Courtesy of the Spanish Ministry of Culture & Sport, plus the Ubik Tabakalera library in San Sebastian, I’ll be joining librarians, architects, culture professionals, and other stakeholders in the future of public libraries for a one-day workshop exploring challenges & opportunities in community collaboration.

What does it mean for these institutions to join forces with organisations, institutions, businesses, non-profit entities, users and potential users, when designing & delivering the services of the future?

How might libraries serve as spaces of collective creation & learning, and how would this service relate to their traditional mission and brand?

How could awareness of the wider transactional and contextual environment affect the way libraries define and negotiate their own future?

I’ll be joined by librarians from across southern Europe to explore these issues in an open, participatory, multidisciplinary format. In addition, our host venue is Ubik Tabakalera, one of the most fascinating public libraries in Europe, headed by the fiercely impressive Arantza Mariskal.

Spanish speakers who love their library and want to help shape its future should join us  in the Basque Country on 30th May for a day of discussion and debate.

Read more at the Spanish Ministry of Culture & Sport’s website.

Politics and youth participation in the digital age – interview with @PhilippaCollin, pt.2

On the blog this week, I’m joined by Dr. Philippa Collin, a Senior Research Fellow at Western Sydney’s Institute for Culture and Society. Read Part One of this interview with Philippa on political, participation, youth engagement and the digital world here.

How does your role contribute to discussions around youth engagement – and activities which bring young people together with different institutions and organisations?

In the last few years I’ve been involved in large-scale, cross sector engaged research initiatives that bring together young people, industry, community, policy and academic partners to collaboratively identify, design and undertake research on a range of issues such as youth mental health, engagement, employment and online safety.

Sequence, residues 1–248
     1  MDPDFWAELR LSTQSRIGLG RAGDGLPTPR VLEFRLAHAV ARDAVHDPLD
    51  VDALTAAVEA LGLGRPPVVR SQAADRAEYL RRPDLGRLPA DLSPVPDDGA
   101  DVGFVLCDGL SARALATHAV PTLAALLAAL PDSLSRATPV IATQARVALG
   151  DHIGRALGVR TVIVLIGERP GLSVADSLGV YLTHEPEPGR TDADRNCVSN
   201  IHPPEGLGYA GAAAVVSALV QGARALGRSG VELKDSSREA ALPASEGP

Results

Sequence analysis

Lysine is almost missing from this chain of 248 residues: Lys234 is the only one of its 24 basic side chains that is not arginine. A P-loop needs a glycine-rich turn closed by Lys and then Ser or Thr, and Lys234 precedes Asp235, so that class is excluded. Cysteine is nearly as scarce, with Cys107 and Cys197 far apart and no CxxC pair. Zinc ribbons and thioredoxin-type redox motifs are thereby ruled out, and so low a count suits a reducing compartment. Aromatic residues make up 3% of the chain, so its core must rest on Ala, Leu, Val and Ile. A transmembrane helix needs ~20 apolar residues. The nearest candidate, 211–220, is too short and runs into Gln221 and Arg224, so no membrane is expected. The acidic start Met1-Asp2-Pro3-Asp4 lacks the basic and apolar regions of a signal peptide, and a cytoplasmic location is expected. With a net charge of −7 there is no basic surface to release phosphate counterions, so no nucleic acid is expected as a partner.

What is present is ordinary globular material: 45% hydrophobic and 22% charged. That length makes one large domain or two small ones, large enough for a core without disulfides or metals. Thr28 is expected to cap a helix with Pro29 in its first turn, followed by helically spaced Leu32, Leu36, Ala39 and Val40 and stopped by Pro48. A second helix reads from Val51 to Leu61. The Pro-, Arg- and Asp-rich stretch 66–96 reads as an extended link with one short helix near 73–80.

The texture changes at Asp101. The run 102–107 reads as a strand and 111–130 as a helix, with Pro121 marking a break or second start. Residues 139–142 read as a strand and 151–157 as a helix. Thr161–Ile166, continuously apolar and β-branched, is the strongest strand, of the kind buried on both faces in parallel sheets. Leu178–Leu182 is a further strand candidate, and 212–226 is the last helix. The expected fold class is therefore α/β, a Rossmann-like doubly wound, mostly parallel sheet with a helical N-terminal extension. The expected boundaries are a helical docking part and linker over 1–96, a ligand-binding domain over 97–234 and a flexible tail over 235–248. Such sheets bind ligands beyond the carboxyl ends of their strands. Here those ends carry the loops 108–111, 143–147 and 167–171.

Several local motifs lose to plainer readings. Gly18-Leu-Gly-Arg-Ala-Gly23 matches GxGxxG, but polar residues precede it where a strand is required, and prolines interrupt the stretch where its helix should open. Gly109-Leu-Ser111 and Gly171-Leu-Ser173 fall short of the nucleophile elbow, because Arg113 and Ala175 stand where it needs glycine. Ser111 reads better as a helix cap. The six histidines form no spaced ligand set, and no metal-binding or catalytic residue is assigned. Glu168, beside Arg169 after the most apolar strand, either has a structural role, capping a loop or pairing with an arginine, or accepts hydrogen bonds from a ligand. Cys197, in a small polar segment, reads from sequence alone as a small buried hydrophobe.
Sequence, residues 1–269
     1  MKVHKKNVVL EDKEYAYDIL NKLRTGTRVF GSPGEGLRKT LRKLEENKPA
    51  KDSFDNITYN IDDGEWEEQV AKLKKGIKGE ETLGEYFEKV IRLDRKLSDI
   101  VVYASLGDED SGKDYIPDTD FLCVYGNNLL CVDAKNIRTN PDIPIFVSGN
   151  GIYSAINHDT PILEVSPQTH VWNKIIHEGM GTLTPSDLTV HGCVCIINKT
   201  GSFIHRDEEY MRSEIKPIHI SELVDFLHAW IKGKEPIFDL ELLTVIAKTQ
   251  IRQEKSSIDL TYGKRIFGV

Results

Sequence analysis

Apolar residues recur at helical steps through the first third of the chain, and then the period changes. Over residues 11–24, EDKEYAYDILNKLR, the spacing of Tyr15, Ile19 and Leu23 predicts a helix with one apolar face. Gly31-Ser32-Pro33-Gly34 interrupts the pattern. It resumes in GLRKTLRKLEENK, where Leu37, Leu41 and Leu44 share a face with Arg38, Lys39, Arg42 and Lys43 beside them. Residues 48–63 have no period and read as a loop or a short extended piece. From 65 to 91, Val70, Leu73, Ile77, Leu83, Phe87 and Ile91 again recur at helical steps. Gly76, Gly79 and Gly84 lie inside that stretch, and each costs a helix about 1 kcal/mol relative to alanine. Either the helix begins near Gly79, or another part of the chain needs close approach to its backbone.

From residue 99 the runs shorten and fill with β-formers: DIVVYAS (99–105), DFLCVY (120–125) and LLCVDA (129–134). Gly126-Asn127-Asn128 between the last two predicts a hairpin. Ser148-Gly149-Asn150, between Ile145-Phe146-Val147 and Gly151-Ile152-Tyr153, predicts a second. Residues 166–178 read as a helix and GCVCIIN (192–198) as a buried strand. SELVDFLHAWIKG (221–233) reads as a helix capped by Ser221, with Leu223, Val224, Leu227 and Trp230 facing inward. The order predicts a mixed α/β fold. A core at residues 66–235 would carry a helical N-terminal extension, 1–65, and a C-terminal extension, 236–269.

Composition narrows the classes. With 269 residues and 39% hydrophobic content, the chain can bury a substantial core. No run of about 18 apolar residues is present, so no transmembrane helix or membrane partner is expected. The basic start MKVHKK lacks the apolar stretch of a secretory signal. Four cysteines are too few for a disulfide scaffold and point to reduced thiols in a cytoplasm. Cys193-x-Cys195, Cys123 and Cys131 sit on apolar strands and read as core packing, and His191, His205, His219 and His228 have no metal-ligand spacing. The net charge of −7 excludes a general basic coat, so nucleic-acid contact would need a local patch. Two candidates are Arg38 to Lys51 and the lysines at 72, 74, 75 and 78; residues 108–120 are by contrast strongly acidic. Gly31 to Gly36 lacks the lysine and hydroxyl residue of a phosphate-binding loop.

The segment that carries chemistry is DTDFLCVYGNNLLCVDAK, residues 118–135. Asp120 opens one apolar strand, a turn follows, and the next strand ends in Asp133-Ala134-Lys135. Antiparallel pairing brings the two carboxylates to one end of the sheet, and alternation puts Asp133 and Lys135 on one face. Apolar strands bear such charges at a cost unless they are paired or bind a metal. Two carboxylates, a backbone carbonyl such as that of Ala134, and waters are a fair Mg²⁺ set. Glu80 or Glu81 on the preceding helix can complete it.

In this work I’ve been a strong advocate for participatory approaches and thinking about how to be inclusive of young people’s views – from agenda-setting about what gets researched and the terms of inquiry, through to translation and application of research findings. I hope I’ve had some influence!

My most recent project has involved collaborating with eight colleagues at WSU to run a Young and Resilient Living Lab Foundation Project. We brought together 100 participants over five workshops to co-create a community and an agenda for engaged research to inform technology-based strategies to promote the resilience of young people and their communities.

Fo us, resilience should be understood as the capacities to transform the conditions of social life – achieved through ongoing processes of individual and collective receptivity and responsiveness. Read more

Tell us your story: Libraries’ global storytelling manual

The International Federation of Library Associations, IFLA, has released a new guide designed to help librarians and library advocates to tell compelling stories about library activities, projects and programmes, showing their impact on communities and people’s lives.

sdg-storytelling-manual

Libraries and the Sustainable Development Goals” is a practical document and storytelling tool, linked to the United Nations goals which IFLA uses to demonstrate libraries’ global relevance.

You can check out the manual at the IFLA website.

USQ Podcast: Eurovision to Eudaimonia

The final pilot podcast from my 2017 project at the University of Southern Queensland (USQ) just went live.

The project explored ways for the university to engage a wider audience and connect with the community beyond recruitment, research, teaching and learning.

USQ’s resident Eurovision expert, humanities lecturer Jess Carniel, was joined by Neil Martin of the USQ Digital Life Lab and Lee McGowan, who researches the history of women’s football at a neighbouring institution, Queensland University of Technology.

Their conversation ranged from the history of women’s football to Aristotle’s views on “eudaimonia” and a life well-lived, politics, performance, and the fate of Katy Perry’s Left Shark.

Shark

Check out the latest USQ podcast episode online now.

You can also listen to previous instalments from USQ Astronomy Festival and Bluestocking Week for women in higher education.

Always get feedback…

Always get feedback…from the workshops and activities that you run.

There’s always something to learn from your participants, something to surprise you, or something to make you smile.

This slideshow requires JavaScript.

(That “bit cold” line is about the air conditioning in the venue, not my icy demeanour…I hope!).